This article appeared in the July 07, 2022 edition of the Monitor Daily.

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When the ‘blues’ are a delight

Nona Reimer/Courtesy of Dana Wharf Sportfishing & Whale Watching in Dana Point
A blue whale sighted 5 to 8 miles offshore of San Clemente, California, July 5, 2022.

Have we “saved the whales”?

When Nona Reimer, a naturalist for Dana Wharf Whale Watching and Dolphin Tours in Dana Point, California, was in college in the 1970s, people thought the blue whale, the largest animal ever to live on the planet, would be extinct by now.

But in fact, while all whales are still endangered, the blue population has been growing for decades. And they’ve returned close to Southern California shores in the past month, so the human swooning has begun. Crowds jam whale watch tours to see the mammoth creatures doing precision turns and exhaling explosively. And tour naturalists wow them with blue factoids: Their hearts are the size of small cars, they’re 30 yards long, their tongues weigh 2 tons.

The area sees lots of whales – grays, humpbacks, minke, fin, Bryde’s – but the prize sighting is the blue. Encounters close to land have been lean in recent years, but in the past month, the Dana Wharf tour company has logged 10 days of multiple sightings.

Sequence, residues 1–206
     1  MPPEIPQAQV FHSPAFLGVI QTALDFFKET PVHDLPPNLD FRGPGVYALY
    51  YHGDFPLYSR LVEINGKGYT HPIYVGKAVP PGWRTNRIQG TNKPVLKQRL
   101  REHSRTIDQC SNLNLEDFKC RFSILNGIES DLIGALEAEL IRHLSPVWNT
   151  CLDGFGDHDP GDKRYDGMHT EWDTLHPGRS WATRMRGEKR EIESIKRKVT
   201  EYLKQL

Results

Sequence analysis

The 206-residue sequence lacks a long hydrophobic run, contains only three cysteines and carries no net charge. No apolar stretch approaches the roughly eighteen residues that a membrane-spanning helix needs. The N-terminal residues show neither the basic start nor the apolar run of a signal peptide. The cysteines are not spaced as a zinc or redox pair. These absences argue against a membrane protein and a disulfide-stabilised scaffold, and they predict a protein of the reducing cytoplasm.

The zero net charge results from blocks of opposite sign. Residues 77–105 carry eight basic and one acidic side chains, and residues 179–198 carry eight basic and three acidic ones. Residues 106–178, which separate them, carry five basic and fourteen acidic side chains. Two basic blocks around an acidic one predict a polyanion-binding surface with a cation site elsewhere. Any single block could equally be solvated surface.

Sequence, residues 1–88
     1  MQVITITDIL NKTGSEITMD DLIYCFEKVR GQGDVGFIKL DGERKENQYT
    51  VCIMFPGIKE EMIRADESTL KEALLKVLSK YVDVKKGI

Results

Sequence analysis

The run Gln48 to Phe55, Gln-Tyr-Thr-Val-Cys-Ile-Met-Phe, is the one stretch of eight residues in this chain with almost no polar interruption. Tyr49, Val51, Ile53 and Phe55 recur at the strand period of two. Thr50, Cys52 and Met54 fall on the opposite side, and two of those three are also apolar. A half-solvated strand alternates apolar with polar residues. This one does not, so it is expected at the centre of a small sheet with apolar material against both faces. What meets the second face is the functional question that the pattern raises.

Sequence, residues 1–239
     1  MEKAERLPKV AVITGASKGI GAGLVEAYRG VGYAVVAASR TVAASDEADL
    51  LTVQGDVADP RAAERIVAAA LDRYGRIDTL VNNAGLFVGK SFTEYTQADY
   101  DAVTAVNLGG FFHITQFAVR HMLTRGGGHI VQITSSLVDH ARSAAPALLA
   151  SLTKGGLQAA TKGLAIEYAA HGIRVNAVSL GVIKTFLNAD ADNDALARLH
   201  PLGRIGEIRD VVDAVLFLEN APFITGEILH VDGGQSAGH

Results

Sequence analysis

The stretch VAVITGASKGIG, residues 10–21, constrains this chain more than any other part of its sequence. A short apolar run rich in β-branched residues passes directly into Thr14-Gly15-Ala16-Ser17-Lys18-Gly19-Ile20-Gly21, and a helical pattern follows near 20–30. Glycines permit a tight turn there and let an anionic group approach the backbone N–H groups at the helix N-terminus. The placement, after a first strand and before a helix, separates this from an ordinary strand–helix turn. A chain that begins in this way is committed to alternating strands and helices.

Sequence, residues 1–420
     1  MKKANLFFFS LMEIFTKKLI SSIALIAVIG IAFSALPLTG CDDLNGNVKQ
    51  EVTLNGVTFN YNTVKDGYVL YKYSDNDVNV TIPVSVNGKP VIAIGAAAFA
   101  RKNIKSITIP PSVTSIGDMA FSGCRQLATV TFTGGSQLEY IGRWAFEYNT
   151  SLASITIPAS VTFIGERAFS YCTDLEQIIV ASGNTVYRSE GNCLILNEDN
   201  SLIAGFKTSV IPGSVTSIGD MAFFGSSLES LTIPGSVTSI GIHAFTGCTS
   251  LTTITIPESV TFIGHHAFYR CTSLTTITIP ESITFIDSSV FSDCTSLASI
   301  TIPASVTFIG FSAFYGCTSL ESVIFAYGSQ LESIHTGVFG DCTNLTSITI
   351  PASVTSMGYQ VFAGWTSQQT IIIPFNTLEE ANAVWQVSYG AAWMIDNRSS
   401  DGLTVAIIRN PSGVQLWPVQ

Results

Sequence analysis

Blue whales feeding here in summer are normal, but it’s still “pretty exciting,” admits John Calambokidis, a biologist with Cascadia Research who does research for the National Oceanic and Atmospheric Administration. For 37 years, he’s studied whales in the eastern North Pacific (aka the U.S. West Coast). Blue whales, he says, are at a steady population here of about 2,000, with a hint of growth in recent decades.

“It still astounds me ... there’s something particularly dramatic about the largest animal that ever lived, facing extinction 50 years ago, and seeing it thriving and feeding miles from some of the densest human habitation we have,” he says, noting it’s all within sight of Interstate 5.

The blues’ delightful presence invites contemplation of conservation successes – the reversals we’ve seen for a host of animals now headed away from extinction: the alligator, the wolf, the condor, and many whale species.

Among these successes, few animals are more dramatic than the jurassically massive blue whale – which, indeed, seems saved.

This article appeared in the July 07, 2022 edition of the Monitor Daily.

Read 07/07 edition
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